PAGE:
However, Greece was particularly vulnerable. Accelerating labour costs, the poor quality of the regulatory framework, corruption practices and weak government were all crucial in shaping productivity and competitiveness. These factors explain the poor performance of Greece in attracting foreign direct investment in spite of the substantial fall in interest rates and capital flows within the Eurozone. While FDI remained almost static, its composition changed with inflows directed to non-manufacturing sectors, notably to real estate. Investments in real estate boost aggregate demand, raise prices, cause the real exchange rate to appreciate and hinder competitiveness. These developments manifest a major failure of Greece—and for that matter of other Eurozone countries—to exploit the post-EMU capital flows in order to upgrade and expand production.

The fiscal decline started with the disappearance of primary surpluses after 2003 and culminated with rocketing public expenditure and the collapse of revenues in 2009. Revenues declined as a result of a major cut in corporate tax rate from 35% to 25% in 2005 and inattention to the collection of revenues.

It was becoming evident that stabilizing the economy was not a policy priority. Concerned over the rising deficits in 2007, the government sought a fresh mandate to redress public finances, but—despite securing a clear victory—no such action was taken. Only a few months before the global crisis erupted, the government claimed that the Greek economy was 'sufficiently fortressed' and would stay immune to international shocks. Even after 2008, the government hesitated to implement measures to stem fiscal deterioration or to expand public spending to fight off the prospect of recession. A compromise included a consumption stimulus at the end of the year, combined with a bank rescue plan of €5 billion and a pledge to raise extra revenues. The first two were quickly implemented, whilst the latter was forgotten.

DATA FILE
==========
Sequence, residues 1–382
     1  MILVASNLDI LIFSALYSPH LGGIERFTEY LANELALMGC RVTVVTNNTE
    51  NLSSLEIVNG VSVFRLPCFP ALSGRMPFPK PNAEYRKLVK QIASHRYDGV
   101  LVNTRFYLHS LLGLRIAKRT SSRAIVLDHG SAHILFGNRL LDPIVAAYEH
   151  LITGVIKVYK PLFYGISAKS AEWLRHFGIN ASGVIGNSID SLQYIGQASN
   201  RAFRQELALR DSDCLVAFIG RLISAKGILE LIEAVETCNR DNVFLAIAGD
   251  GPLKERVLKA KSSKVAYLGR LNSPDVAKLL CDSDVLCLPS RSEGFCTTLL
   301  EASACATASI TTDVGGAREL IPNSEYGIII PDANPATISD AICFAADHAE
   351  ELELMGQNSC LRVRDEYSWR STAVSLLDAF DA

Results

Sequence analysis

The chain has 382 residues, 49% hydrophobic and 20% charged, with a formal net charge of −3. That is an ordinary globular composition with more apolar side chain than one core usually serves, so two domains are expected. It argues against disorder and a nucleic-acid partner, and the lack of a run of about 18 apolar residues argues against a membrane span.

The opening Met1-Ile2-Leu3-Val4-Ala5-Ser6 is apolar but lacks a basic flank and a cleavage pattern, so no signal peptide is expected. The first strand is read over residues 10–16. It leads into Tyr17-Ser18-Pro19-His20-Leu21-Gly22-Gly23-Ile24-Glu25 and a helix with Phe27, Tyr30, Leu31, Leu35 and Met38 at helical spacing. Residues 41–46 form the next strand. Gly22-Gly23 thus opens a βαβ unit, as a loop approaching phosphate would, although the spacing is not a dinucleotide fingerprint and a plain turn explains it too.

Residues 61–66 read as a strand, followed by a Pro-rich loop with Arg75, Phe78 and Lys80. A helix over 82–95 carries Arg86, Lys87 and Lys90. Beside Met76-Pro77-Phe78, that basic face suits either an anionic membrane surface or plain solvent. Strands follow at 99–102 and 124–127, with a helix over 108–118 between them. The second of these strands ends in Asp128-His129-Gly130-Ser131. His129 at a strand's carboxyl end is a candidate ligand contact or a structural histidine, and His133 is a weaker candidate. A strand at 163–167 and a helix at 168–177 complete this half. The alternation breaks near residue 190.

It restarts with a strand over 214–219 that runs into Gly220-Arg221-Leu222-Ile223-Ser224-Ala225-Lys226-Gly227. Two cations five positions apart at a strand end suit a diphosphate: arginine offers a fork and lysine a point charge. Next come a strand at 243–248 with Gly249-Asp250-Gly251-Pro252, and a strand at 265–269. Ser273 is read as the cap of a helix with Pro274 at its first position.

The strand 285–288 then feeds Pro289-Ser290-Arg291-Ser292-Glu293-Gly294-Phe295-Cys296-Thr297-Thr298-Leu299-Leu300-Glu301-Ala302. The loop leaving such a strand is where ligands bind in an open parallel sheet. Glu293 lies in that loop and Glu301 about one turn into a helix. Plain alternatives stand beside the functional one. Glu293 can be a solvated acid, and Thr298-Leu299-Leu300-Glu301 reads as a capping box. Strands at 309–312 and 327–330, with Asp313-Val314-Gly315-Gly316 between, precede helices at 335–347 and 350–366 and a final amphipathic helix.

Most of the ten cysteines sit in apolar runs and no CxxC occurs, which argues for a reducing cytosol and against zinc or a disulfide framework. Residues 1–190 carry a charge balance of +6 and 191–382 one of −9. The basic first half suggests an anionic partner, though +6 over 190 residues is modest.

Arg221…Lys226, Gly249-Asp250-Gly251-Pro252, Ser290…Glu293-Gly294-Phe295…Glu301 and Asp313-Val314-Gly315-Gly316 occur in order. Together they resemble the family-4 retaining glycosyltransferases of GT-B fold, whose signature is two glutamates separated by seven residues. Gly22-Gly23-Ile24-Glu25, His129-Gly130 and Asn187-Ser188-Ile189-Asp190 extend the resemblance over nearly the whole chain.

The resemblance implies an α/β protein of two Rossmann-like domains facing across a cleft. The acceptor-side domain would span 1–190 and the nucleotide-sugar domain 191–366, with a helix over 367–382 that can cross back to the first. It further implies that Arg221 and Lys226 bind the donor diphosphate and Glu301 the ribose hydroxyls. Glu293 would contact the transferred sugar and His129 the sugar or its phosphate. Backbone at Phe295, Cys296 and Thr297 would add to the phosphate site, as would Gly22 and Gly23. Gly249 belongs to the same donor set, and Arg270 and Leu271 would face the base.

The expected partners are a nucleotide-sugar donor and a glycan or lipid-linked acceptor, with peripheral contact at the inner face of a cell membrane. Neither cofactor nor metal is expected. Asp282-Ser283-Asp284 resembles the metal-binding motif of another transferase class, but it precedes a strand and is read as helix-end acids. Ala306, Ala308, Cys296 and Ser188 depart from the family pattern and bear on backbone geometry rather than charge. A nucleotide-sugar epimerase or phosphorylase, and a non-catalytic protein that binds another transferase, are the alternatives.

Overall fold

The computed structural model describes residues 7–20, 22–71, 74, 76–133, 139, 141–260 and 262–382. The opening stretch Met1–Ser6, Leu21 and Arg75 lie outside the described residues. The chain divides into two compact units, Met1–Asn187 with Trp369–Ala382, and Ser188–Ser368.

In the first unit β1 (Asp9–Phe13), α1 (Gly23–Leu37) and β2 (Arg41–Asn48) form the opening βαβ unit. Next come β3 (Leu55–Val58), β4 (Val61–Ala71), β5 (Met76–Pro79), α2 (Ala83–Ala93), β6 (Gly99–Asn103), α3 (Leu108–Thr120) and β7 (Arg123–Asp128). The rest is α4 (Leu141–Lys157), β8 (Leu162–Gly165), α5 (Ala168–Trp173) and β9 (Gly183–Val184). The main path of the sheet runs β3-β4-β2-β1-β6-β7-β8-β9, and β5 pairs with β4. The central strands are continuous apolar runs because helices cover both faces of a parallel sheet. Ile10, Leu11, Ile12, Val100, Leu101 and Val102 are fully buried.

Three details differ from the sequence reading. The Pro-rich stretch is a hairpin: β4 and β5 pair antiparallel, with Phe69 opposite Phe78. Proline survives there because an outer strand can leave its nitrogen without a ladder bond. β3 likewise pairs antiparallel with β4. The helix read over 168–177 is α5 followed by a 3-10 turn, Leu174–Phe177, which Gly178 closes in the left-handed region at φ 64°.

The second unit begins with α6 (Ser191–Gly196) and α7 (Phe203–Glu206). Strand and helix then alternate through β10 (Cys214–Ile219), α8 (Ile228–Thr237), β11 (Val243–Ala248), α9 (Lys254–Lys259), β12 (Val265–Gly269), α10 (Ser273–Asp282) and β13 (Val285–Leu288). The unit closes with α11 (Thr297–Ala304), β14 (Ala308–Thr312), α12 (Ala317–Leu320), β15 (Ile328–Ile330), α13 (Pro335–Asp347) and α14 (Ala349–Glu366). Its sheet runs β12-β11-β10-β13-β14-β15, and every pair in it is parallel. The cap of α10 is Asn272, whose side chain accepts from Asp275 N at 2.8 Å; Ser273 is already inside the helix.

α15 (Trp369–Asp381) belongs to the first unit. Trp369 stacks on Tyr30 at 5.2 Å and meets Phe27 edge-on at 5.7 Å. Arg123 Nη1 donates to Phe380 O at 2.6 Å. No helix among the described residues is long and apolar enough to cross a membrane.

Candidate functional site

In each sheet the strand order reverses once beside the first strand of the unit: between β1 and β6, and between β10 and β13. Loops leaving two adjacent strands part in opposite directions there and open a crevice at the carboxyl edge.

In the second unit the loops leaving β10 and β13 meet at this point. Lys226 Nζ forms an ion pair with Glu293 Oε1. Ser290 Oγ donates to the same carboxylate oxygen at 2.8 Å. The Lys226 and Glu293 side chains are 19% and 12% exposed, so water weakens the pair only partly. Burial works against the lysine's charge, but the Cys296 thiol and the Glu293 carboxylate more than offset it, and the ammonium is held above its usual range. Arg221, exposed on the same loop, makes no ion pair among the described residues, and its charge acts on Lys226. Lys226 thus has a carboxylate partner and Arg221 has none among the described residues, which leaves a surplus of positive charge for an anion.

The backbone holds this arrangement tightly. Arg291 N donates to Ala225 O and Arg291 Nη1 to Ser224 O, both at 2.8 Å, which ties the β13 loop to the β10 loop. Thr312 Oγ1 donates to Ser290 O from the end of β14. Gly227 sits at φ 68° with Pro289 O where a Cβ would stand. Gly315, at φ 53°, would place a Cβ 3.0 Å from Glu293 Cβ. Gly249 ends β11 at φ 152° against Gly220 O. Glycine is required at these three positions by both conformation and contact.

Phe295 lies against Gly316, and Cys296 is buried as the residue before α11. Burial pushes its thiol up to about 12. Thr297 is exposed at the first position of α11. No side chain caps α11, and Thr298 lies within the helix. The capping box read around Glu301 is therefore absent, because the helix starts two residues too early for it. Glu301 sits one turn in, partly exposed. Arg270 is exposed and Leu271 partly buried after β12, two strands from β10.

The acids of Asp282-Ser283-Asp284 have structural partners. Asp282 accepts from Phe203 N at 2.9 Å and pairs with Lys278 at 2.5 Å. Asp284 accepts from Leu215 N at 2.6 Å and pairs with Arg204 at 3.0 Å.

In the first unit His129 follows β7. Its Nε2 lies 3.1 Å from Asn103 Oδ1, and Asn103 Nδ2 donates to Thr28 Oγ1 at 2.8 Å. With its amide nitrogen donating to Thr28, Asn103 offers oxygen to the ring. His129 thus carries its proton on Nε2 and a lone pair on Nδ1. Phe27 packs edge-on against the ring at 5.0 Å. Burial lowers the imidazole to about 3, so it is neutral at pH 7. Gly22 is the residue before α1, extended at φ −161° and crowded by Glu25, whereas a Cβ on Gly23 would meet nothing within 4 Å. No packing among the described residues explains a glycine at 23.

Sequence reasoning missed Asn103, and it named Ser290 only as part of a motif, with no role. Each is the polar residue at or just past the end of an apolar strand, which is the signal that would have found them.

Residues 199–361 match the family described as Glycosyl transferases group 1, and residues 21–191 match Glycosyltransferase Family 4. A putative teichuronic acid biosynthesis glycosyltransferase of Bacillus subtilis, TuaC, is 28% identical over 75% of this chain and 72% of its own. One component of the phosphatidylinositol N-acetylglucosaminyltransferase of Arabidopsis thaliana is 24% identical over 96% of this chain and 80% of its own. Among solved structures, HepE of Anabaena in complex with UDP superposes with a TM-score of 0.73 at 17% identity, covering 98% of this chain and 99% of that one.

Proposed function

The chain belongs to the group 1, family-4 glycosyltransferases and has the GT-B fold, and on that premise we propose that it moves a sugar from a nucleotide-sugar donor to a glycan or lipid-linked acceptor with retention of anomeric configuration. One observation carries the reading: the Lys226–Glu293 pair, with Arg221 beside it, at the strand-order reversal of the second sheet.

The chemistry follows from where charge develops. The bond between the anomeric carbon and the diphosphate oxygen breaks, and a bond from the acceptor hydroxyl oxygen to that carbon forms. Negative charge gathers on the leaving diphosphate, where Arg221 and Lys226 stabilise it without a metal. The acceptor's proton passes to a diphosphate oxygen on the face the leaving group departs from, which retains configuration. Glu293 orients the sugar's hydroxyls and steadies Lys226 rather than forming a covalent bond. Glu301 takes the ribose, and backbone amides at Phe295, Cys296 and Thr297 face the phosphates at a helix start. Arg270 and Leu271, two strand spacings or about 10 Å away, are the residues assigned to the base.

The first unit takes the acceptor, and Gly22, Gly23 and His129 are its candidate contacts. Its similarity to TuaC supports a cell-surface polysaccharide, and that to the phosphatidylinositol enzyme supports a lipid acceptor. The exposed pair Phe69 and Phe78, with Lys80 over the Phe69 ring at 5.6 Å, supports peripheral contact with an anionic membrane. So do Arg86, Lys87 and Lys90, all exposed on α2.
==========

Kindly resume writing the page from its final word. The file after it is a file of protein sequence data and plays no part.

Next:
Weakened by internal divisions, the government opted for a general election in October 2009 as a new opportunity to address the mounting economic problems. The fiscal consequences were stunning: total public expenditure was pumped up by more than 5 percentage points, exceeding 31% of GDP at the end of 2009. (In actual amount, it exceeded €62 billion, twice the size in 2003.) The rise was entirely owing to consumption, as public investment remained the same at 4·1% of GDP.

Total receipts in 2009 fell by another 4% of GDP as a result of widespread neglect in tax collection and emergency capitalization of Greek banks. The deficit was revised from an estimated 6·7% of GDP before the elections to 12·4% in October 2009, and finally widened to 15·4% of GDP by the end of the year.

Even then, the budget for 2010 included an expansion of public expenditure while excluding privatizations, rather than the other way around. Rating agencies downgraded the economy, sparking massive credit default swaps in international markets.